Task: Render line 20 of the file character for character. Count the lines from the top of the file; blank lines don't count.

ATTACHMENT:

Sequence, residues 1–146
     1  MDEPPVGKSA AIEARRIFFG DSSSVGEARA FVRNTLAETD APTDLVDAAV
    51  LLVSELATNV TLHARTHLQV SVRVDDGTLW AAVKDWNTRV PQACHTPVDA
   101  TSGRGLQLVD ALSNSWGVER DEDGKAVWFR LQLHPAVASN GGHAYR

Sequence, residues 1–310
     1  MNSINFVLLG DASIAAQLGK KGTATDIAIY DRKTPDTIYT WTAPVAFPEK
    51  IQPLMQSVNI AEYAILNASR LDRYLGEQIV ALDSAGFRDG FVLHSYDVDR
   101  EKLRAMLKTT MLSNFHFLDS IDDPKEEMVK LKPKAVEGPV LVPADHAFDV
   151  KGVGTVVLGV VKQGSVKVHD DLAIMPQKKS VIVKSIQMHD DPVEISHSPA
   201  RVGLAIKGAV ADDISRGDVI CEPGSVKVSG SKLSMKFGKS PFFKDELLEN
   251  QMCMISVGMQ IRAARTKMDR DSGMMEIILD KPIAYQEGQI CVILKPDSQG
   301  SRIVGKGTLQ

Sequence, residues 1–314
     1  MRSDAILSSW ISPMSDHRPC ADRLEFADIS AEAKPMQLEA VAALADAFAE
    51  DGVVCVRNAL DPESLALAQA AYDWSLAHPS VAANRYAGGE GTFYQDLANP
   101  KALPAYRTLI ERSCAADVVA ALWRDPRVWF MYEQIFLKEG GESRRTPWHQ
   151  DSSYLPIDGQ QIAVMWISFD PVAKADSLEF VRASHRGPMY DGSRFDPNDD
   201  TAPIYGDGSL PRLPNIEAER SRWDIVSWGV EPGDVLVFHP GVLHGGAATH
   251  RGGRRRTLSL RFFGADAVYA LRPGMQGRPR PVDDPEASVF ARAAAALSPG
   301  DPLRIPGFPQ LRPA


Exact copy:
   301  DPLRIPGFPQ LRPA